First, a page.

You will read of our relationship here from time to time. Joan is amazing. Me . . . not so much. This is not a false humility. This is an understanding of my many imperfections that have made me appreciate a forgiving God as seen through a wonderful woman who keeps reminding me everyday that she loves me. Who despite my flaws continues to keep the Grace flowing. Who seems to look past the gaps and the holes telling everyone that I am wonderful too.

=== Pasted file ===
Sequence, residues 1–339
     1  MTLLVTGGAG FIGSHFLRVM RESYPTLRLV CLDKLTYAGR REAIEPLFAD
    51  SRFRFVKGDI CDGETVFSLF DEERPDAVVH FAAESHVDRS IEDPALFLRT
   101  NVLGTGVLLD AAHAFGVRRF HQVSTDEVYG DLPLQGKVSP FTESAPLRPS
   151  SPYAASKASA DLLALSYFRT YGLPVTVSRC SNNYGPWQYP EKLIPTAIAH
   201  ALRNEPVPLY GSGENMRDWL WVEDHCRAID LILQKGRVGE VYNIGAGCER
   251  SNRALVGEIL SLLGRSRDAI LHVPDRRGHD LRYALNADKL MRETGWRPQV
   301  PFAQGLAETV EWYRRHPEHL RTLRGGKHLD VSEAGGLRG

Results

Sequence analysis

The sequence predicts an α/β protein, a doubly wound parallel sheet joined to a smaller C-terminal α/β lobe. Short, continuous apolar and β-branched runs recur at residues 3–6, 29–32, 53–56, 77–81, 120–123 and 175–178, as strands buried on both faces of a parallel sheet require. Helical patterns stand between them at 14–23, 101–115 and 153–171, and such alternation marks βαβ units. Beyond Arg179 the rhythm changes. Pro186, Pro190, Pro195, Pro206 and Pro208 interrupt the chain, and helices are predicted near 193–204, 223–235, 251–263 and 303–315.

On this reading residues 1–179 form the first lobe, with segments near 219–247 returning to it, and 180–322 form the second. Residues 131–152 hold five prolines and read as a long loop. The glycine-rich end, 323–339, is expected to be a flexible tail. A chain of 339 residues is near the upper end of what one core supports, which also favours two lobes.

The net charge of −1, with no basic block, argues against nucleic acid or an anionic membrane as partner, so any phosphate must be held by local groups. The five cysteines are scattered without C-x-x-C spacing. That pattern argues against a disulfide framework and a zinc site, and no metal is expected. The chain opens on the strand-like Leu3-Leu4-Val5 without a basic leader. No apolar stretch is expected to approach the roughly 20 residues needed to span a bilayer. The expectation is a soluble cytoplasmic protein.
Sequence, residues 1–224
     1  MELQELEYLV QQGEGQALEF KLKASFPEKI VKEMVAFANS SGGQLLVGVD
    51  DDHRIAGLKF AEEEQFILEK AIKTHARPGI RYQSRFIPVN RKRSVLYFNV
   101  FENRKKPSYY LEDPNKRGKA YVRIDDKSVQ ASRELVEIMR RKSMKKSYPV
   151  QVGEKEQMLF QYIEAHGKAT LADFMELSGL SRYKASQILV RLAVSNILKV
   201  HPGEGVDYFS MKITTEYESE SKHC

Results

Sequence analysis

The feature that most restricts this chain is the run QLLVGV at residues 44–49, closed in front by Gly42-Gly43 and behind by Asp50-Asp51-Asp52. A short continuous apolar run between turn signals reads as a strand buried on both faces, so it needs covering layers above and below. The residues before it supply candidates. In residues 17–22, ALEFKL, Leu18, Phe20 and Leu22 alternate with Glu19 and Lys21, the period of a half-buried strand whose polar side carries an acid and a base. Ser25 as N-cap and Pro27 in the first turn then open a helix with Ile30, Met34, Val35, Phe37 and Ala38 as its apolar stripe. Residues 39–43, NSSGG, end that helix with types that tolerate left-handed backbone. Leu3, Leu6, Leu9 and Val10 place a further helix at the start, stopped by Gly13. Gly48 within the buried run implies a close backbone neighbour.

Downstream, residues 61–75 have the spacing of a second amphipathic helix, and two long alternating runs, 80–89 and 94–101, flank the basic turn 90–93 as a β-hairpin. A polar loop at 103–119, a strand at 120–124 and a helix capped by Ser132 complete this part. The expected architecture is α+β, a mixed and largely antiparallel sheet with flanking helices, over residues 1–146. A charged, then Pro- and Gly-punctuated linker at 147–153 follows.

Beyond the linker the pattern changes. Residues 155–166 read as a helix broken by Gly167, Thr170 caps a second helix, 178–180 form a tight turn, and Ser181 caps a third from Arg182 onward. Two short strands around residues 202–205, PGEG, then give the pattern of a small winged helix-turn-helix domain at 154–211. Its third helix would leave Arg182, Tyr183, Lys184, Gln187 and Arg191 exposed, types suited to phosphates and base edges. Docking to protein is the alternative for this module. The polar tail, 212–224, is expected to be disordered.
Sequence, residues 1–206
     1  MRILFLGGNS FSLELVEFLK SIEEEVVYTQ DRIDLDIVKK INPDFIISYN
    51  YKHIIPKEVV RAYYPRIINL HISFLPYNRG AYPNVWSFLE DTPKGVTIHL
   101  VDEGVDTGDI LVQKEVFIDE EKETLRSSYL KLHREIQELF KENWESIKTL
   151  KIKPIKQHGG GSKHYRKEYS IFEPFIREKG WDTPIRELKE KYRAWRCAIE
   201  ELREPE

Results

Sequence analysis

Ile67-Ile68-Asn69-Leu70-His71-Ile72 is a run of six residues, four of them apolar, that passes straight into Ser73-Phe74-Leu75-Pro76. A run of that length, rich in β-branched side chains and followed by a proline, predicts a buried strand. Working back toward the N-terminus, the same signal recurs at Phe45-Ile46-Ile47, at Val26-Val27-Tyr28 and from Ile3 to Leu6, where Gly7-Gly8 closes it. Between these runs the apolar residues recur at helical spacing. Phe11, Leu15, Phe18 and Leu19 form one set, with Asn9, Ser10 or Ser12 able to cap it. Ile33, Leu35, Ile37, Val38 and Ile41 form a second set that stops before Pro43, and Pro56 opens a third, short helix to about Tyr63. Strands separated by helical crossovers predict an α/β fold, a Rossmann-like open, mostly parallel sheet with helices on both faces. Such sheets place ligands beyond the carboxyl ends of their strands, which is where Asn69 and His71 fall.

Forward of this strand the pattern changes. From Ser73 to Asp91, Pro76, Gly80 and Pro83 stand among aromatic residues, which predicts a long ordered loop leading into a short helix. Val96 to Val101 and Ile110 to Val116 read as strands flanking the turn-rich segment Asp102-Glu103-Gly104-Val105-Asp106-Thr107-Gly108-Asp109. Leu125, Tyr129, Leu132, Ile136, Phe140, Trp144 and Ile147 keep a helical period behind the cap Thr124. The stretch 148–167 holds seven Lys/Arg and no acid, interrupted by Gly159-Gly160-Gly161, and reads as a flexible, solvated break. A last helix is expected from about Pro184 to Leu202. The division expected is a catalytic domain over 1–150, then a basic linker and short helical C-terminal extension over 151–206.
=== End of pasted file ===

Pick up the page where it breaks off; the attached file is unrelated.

Isn’t love grand?

Happy Valentine’s Day!

What to write about…

For the past month I’ve been thinking about what to post about.  Periodically during the day I’ll be reminded, man I haven’t posted anything on the blog yet – and neither has anyone else!  I had a small, secret hope that someone else would be the first one to post and kick things off and I could just feed off of them instead of coming up with my topic.  So I finally decided to put that selfish thought aside and just go for it.